Teachers Shot 'Execution Style' with Airsoft Guns During ALICE Training

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As state and federal lawmakers fail to take meaningful action to confront America's gun violence epidemic, IN elementary school teachers were reportedly shot "execution-style" with plastic pellets IN an active shooter drill led by law enforcement.

Two elementary school teachers in Monticello, Indiana, said they were asked by the sheriff's office to kneel down against a classroom wall before being sprayed across the back with plastic pellets fired at close range.

Details about the January incident emerged during a Wednesday hearing before state lawmakers on proposed legislation outlining how schools could spend grants from the IN safe-schools fund.

Some teachers suffered welts, and "blood was drawn", according to the association's Twitter thread.

"They told us, 'This is what happens if you just cower and do nothing, '" a teacher who experienced the January drill told theIndy Star.

It was supposed to be a school shooting drill.

"Active-shooter training has become a macabre ritual for educators in America's public school system,"notedRolling Stone's Tim Dickinson".

A group of IN elementary school teachers learned this lesson the hard way when they took part IN an active shooter exercise that proved to be a little too real for their tastes.

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"The first group went in and we heard them scream and yell", recalled one teacher.

"No one in education takes these drills lightly", the union tweeted.

Sheriff Bill Brooks, whose department led the training, said it stopped using airsoft guns during active shooter trainings after receiving a complaint, adding that all teachers involved signed up to participate. "The risk of harming someone far outweighs whatever added realism may be sought".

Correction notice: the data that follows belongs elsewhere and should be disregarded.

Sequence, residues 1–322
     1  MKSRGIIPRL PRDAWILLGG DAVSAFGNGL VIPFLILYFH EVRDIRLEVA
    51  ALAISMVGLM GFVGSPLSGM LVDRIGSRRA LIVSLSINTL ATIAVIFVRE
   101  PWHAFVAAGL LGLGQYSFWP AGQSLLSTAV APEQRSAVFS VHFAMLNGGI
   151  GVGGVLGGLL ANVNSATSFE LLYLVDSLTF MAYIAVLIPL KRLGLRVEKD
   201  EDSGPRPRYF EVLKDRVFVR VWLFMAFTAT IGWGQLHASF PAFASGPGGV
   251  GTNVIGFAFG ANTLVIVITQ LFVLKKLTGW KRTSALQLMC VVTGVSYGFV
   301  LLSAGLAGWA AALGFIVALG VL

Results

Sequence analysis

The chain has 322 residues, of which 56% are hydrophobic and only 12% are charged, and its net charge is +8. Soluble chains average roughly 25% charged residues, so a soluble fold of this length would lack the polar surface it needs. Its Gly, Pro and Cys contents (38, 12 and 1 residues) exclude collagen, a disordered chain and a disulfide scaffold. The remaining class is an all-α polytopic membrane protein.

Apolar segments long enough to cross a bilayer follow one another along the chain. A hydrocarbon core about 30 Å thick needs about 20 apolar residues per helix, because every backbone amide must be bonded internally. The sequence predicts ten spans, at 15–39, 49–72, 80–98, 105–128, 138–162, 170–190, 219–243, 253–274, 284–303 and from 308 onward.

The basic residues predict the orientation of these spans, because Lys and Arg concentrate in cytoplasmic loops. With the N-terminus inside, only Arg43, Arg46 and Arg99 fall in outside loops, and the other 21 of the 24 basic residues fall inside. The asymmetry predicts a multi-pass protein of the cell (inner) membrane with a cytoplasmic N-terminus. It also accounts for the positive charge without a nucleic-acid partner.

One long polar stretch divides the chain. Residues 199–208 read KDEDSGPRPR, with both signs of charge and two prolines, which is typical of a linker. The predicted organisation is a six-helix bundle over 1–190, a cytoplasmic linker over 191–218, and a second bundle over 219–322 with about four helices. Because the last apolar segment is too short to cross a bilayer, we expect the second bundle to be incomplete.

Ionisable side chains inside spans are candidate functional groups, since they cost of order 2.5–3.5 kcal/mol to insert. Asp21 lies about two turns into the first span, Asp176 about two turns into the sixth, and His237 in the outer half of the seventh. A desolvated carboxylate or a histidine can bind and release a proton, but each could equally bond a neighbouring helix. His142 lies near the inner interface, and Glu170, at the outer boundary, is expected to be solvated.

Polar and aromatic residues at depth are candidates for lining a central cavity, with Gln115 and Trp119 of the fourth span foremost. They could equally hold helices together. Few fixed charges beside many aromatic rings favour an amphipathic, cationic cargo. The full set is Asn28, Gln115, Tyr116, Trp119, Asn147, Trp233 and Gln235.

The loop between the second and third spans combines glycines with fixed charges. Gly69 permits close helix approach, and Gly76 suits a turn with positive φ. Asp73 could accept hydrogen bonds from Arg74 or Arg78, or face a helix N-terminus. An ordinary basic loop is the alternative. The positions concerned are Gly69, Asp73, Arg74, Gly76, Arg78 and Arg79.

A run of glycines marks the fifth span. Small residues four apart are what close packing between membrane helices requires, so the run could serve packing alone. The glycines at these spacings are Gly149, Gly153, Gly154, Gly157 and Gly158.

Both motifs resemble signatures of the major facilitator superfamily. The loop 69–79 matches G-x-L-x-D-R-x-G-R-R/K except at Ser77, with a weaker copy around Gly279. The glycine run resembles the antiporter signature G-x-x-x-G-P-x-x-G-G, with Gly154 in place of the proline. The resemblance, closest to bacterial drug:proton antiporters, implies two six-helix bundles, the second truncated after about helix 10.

(Jewel Samad/AFP/Getty Images) Participants listen to instructors during ALICE (Alert, Lockdown, Inform, Counter and Evacuate) training at the Harry S Truman High School in Levittown, Penn., Nov. 3, 2015.

Twin Lakes School Corporation Superintendent Michael Galvin released a statement that said the district is committed to providing a safe environment for its students and employees.

ABC News' requests for comment from the ALICE Training Institute were not immediately returned Thursday.

"It's important that we understand what's happening in our schools", Holub said.

But as more and more go through active shooter training, Holub and the teachers association want to make sure that teachers don't get shot at. "This is a case with extraordinarily poor judgment, and the community has a right to know about it".